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Part of the Care4Calais Wish List

Part of the Care4Calais Wish List

Help needed for Calais refugees

Urgent items are needed for refugees in Calais who are caught between the British and the French authorities. A contentious issue.  However, if you would like to help those caught up in the fray, please read on, as local support is being generated and supplies are desperately needed. Zelly Restorick writes.

I heard about the planned trip over to Calais – taking supplies to refugees sleeping rough in horrible conditions and bad weather – and connected with Felicity Laurence from Hastings Community of Sanctuary to find out what was needed and the deadlines. She connected me with Jane Grimshaw (founder and coordinator of Hastings Supports Refugees) who is organising the collection of clothes and told me of the Talk being given by Clare Moseley, Founder of Care4 Calais.

Care4Calais: a talk by Clare Moseley

Clare Moseley, founder of Care4Calais is giving a talk this evening (Wed 24 January at 7.30pm) on behalf of Hastings Supports Refugees at their Hastings Debate event. Care4Calais helps people in Calais seeking sanctuary from war and poverty. Since the demolition of ‘the jungle’, the crisis is now worse than ever. Care4Calais are calling out for winter coats for refugees living in very freezing conditions.

If you wish, you can gather donations for Care4Calais and bring them to Hastings Debates, instead of the ‘official’ drop-off points. The venue is now The Printworks (14 Claremont, Hastings TN34 1HE) not the Palace.

ITEMS NEEDED!

“This collection is rather fast and furious”, writes Jane Grimshaw, “to coincide with Clare Moseley’s talk. She will be taking some donations back with her, and we have a second car going out at the very beginning of February. So I personally have a cut off date for donations of Sunday 30 January.”

“If you think you can help out with anything from the ITEMS NEEDED LIST, then please let me know.” Contact Jane via itsgrimuphere@yahoo.co.uk

IMG_4004

I asked Felicity whether donations from charity shops would also be accepted? “Charity shop perfect of course! (as long as things are in pretty good condition. I sorted tonnes of clothes in Calais last year and anything remotely needing mending – eg zips – was simply discarded to the recycling boxes.

Are there cars going over to Calas fairly regularly or is this a one-off? “There seem to be cars going over from near – and not too far from – here, fairly often. The need is constantly enormous at the moment.”

There will be a piece in Hastings Independent Press this Friday about Clare’s talk and the Calais situation at the moment. More info can be found on the Hastings Supports Refugees Facebook page.

Posted 17:03 Wednesday, Jan 24, 2018 In: Campaigns

5 Comments


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  1. Bea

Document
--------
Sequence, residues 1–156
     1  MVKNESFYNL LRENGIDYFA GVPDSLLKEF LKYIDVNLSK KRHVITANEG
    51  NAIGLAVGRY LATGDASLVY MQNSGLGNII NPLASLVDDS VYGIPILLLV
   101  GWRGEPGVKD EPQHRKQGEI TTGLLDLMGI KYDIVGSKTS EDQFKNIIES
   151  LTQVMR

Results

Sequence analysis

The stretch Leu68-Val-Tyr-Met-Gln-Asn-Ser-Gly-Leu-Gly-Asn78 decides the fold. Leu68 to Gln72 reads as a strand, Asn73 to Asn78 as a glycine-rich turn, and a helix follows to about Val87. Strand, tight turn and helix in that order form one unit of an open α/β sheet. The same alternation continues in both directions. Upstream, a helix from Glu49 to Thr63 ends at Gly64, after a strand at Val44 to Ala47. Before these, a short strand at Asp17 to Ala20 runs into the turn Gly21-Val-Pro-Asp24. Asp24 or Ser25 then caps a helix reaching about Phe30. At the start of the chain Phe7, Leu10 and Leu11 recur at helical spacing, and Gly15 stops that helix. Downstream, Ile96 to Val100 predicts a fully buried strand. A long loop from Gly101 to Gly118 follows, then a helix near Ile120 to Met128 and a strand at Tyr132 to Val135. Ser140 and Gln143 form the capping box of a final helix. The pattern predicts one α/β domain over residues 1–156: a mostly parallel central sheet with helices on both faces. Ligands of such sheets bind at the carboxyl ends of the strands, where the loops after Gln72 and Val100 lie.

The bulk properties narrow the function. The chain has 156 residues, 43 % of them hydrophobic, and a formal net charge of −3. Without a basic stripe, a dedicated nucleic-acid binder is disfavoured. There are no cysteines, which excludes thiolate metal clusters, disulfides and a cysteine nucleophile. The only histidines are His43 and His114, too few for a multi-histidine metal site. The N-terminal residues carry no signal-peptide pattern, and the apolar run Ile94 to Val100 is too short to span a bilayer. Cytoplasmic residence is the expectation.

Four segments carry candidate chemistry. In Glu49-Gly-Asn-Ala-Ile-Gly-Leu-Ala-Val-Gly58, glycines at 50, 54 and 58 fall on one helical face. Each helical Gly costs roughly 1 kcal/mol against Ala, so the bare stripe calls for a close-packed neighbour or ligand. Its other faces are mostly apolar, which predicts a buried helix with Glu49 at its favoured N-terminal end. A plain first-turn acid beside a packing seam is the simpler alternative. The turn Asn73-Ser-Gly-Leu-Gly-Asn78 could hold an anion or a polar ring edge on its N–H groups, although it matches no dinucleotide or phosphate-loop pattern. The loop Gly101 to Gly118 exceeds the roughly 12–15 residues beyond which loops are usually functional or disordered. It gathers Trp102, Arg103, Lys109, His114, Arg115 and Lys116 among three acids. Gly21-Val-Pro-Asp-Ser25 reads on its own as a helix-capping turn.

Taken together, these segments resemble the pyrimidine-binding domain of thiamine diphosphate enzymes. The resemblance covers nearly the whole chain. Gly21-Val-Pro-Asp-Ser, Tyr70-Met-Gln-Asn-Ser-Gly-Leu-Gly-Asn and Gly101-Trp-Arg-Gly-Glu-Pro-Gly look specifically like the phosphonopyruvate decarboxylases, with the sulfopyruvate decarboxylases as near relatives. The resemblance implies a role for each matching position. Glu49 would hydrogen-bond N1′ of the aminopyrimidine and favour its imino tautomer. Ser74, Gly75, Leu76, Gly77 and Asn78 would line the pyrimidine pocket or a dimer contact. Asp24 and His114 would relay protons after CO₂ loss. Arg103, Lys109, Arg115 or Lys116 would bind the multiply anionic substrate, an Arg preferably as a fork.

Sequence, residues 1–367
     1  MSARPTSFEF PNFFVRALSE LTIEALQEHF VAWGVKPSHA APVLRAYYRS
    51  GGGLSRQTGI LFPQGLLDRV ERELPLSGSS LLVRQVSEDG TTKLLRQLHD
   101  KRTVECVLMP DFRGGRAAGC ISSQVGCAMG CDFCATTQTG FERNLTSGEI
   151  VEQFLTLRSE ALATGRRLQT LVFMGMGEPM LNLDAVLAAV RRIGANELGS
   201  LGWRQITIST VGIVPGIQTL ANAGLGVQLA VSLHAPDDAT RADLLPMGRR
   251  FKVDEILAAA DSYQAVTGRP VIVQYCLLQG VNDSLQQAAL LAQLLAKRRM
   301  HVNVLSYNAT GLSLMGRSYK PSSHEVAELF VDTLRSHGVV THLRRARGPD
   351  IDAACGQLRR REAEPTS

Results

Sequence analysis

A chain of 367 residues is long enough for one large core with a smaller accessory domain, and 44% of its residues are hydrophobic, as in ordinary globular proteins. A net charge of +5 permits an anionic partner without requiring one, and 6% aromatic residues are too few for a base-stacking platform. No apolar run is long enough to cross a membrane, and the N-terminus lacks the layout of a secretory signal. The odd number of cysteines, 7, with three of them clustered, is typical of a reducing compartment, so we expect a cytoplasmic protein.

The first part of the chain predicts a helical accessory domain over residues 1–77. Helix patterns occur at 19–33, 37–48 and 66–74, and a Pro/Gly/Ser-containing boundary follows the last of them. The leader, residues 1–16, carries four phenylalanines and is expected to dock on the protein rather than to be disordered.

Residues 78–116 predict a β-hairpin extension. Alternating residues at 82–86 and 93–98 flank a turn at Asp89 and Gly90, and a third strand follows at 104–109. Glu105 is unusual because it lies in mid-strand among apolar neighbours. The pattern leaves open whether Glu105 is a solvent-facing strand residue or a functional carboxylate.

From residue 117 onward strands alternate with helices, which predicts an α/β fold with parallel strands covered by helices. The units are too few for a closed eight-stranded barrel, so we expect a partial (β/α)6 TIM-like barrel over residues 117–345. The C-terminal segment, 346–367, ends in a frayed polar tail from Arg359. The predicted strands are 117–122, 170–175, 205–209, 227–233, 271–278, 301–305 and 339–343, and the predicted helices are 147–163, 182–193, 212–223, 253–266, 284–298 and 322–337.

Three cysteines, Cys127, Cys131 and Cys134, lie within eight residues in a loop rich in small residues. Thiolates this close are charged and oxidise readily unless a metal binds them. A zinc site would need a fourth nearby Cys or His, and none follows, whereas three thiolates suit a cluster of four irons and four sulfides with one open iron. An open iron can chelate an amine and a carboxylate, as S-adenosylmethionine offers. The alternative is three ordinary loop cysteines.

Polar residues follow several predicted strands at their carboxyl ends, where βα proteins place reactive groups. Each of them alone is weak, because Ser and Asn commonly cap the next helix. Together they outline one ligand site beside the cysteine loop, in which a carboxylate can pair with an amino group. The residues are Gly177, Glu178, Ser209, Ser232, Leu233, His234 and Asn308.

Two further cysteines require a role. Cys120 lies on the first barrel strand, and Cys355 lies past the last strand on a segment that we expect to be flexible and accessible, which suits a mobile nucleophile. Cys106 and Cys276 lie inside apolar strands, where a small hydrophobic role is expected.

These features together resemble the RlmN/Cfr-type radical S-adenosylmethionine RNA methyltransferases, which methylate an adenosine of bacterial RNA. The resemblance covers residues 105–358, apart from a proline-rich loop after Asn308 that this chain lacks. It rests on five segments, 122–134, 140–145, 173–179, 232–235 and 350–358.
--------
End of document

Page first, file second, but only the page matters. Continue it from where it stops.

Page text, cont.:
The overwhelming majority of refugees are women and children, plus older and disabled people, and they are stuck in camps or living rough mainly in Jordan, Lebanon and Turkey, as well as other parts of Syria as displaced persons. Some of them starving and desperate and many have been forced to push their under-age daughters into marriages to try and protect them and relieve pressure on the other children. Please can we help these, who number millions and not dozens. It might be less exciting to give money to the Red Cross, Unicef, UNHCR, UNFPA (which specifically helps women) etc but it will do real good. I agree that drawing people back into Calais by offering clothes, food etc in the area, when the authorities are trying to persuade them to register in France, is not a useful thing to do.

    Comment by Bea — Saturday, Jan 27, 2018 @ 11:15

  2. DAR

    A scenario. “Refugee” 1 gets to Britain via Calais. He (most likely a “he”) gets in touch with his relatives and friends in his country of origin. “Hey, there are Brits in Calais to help you out so you’ve got a good chance of making it into UK! And when you get to Calais, you can claim to have family in Britain – me! That’ll give you an even better chance of getting in.” “Refugee” 2 sets off – and repeats the cycle…or never arrives, having been drowned/run over/enslaved/murdered along the way.

    Comment by DAR — Thursday, Jan 25, 2018 @ 12:51

  3. Jane Grimshaw

    Hi Pop, thank you for voicing your concerns. On behalf of Hastings Supports Refugees I am very happy to address them for you.
    Firstly the issue of women and children. Well there are many Women and children as Refugees, however there aren’t really any sleeping rough in and around Calais at this time. When a family faces the heart breaking decision to flee war or persecution often they can only afford to send away one family member, that sadly is usually the oldest boy. Also the journey to Calais is very hard and dangerous. So Women, children and the old tend to stay in the first place they reach. Often being internally displaced with in their own country, hoping war won’t catch up with them there as we are seeing in parts of Syria now. Or they will stay in camps in adjoining countries such as Jordan or Turkey for the Syrians or Pakistan for the Afghans. Conditions there are bad and often the countries them selves not too stable. Those that have crossed the Mediterranean will often stay in Greece as the journey onward is now virtually impossible with small children. Families sometimes then send on a male family member to try and get asylum somewhere with the vain hope that if they achieve this the rest of the family can be sent for.